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Comment Don't use software (Score 1) 164

A few people have said it already, but I'd like to reiterate:

Don't expect software to be able to do this for you. Tax laws change every year, both federal and state. Requirements for corporate filings change every year. Payroll requirements change every year (withholding amounts for FICA, FUTA, unemployment, health insurance requirements, etc).

I have an S-corp, but I don't do any of this myself.

I have a payroll service that costs $50 or so per month. For that cost, they do direct deposit, tax withholding, and also file quarterly 941 forms and prepare W-2s at the end of the year. All deductions are calculated by them, and their guarantee is that if they make a mistake, they take liability for it - ie, they'll pay any penalties or interest that arise as a result.

I have a lawyer who charges less than $200/year to prepare corporate filings. Additionally, they provide me with a list of changes to corporate laws over the course of the year. They highlight anything that may be important for me as a small business owner.

I have a CPA who prepares the corporate tax return. I do the day-to-day accounting (I happen to have Peachtree for Windows, I couldn't find anything open source or Linux based in 2000 when I started this business), but the CPA checks things over and prepares the corporate return and shareholder K-1 forms. This costs about $1000/year.

Overall, I pay roughly $2000/year for all of these services. I think this is well worth it, since I not only don't have to spend the time actually doing this work, but I also don't have to spend the time learning how I need to do it differently every year. I also get some measure of effective insurance, at least with the payroll company, since they are responsible for any mistakes they might make (they haven't made any yet).

I note that most of the question was really directed at legal questions. You can certainly get boilerplate contracts from several places. You may want to find a local lawyer and have them write you one. Get a confidentiality agreement, a subcontractor agreement, and a contract for services (that you provide). Once you have those, you can essentially reuse them for future contracts. There aren't a lot of requirements for meeting minutes (though one thing you should watch out for is that you are required to send a notice of shareholder meetings some 30 days before they're scheduled, or you need to have a "waiver of notice" form signed by all the shareholders. Of course this may not be true in your state) - just a list of people present, a very simple list of topics covered (summaries of the conversation are good, but are not necessary), and the dated signatures of the corporate secretary and president, who in my state can't be the same person.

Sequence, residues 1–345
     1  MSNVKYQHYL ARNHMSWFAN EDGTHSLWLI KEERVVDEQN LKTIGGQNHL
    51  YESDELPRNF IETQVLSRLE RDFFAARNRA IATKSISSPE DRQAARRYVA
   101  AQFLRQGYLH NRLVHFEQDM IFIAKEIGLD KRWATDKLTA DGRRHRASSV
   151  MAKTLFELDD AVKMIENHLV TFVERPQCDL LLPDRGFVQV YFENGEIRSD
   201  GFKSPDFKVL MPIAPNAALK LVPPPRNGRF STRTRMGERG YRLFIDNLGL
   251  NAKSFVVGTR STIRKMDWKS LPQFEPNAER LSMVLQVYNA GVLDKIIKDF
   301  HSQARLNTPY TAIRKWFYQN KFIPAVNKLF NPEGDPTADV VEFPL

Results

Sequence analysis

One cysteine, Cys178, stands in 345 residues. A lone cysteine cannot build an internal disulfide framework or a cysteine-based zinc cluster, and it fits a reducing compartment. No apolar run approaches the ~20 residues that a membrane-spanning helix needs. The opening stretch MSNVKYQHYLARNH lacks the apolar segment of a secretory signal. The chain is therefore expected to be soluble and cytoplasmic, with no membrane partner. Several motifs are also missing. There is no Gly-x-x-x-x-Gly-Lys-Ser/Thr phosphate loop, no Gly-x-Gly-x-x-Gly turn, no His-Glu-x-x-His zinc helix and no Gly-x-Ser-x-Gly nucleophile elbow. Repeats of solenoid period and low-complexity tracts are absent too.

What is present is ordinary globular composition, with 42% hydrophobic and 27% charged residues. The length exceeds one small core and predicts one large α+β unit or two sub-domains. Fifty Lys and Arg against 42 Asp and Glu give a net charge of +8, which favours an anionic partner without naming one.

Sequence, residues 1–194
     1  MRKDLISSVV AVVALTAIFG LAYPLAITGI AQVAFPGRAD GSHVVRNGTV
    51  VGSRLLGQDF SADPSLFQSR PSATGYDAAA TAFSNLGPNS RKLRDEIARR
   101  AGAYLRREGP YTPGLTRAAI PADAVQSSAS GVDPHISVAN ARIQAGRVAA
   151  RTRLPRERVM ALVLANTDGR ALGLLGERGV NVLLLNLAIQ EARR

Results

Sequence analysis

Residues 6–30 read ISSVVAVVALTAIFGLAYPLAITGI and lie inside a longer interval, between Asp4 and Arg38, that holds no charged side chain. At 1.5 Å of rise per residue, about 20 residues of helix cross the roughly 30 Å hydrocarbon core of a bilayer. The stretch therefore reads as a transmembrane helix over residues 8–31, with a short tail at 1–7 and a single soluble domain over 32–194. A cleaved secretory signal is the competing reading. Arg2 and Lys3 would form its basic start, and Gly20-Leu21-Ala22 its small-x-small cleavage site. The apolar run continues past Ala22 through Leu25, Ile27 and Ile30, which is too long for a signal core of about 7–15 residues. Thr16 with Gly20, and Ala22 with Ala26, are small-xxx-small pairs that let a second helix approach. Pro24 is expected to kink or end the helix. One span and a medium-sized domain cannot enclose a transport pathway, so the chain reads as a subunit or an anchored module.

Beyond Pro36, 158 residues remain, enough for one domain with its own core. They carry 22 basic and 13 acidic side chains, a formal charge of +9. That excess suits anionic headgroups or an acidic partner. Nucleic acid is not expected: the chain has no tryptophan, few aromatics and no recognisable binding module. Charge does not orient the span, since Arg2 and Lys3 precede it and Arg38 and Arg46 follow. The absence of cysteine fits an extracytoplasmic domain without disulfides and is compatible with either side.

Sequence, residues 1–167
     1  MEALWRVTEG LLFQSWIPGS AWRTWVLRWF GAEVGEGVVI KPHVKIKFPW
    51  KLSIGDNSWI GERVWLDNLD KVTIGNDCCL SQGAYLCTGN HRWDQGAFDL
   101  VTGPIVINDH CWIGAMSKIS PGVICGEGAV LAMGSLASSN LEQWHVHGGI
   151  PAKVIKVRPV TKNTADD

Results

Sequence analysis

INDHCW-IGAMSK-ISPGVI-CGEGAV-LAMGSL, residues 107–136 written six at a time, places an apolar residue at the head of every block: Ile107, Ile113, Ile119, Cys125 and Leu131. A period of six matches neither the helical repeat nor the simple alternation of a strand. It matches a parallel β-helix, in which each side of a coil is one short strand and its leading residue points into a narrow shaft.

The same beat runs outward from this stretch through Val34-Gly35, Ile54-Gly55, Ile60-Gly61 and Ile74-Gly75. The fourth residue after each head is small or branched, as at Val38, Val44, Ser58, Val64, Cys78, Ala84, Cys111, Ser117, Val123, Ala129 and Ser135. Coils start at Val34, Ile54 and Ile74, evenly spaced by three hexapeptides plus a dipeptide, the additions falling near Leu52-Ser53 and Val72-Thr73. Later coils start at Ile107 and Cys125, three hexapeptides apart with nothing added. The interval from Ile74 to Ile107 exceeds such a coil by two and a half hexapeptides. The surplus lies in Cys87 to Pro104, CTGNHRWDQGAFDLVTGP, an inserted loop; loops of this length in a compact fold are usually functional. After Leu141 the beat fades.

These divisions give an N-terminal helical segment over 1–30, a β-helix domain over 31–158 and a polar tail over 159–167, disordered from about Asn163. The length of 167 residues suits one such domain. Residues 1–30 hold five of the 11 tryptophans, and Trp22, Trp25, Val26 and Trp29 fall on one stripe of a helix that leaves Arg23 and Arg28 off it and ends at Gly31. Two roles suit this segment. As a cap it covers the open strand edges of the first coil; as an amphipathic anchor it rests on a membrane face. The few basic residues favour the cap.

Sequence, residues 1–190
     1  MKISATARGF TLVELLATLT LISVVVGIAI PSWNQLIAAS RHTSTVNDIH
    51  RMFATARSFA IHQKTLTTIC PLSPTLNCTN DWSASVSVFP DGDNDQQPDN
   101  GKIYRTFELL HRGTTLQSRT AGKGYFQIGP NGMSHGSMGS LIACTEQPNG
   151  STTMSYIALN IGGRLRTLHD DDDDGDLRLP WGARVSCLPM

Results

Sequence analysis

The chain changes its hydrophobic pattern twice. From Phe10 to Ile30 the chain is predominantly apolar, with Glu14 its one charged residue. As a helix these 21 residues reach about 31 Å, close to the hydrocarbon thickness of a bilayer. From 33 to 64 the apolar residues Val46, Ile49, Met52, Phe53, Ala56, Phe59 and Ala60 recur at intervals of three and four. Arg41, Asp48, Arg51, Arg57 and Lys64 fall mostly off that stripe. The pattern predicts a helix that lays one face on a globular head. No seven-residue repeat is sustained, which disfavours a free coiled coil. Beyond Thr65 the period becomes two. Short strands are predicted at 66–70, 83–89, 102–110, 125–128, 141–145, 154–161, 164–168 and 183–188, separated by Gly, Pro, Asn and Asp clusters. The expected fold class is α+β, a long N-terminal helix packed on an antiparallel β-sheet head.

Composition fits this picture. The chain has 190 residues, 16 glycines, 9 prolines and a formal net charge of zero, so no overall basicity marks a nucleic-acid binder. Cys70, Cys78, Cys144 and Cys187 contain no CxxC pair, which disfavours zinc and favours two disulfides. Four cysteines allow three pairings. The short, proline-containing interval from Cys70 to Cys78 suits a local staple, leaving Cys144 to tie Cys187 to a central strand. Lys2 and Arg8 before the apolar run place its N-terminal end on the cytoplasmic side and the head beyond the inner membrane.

The bottom line is that there is a lot of expertise needed to do these things right and keep up with all the annual changes. The cost of hiring experts is not that high, so it should be pretty close to a no-brainer.

- Steve

Comment Re:Good for them (Score 1) 111

There's a big difference between admitting to a bug that you can fix with a low/no-cost firmware upgrade, and admitting to a bug which requires a massive recall, and announcing to the market you'll be charging them more for '486 chips until you pay for the replacements.

There, fixed that for you.

Comment Re:Android is the Open Source replacement (Score 2, Interesting) 219

With the advent of Android on Linux, OpenMoko can safely retire. There will be a flood of Android hardware out soon in addition to the G1 and at least some of it will be hackable or open enough for developers to delve into the stack if they want. For example, you'll be able to improve the hardware drivers, add functionality left out by the original makers because they feared patent infringement, and take advantage of hardware acceleration that didn't make it into the shipping product. Perhaps the only sacrosanct portion kept off limits will be the radio stack itself, which if hacked could invalidate the CE mark, FCC, GCF, PTCRB, etc.

Android is software, not hardware. There is no guarantee that you will be able to write drivers, because not all manufacturers will give you datasheets without an NDA. There's no guarantee that you would get the source code to hardware drivers, since those can be non-GPL (resulting in a tainted kernel, but who cares, right?).

Unlike Android, OpenMoko is software and hardware.

You can also run Android on the OpenMoko hardware if you like (or Debian, or at least two other tailored distributions).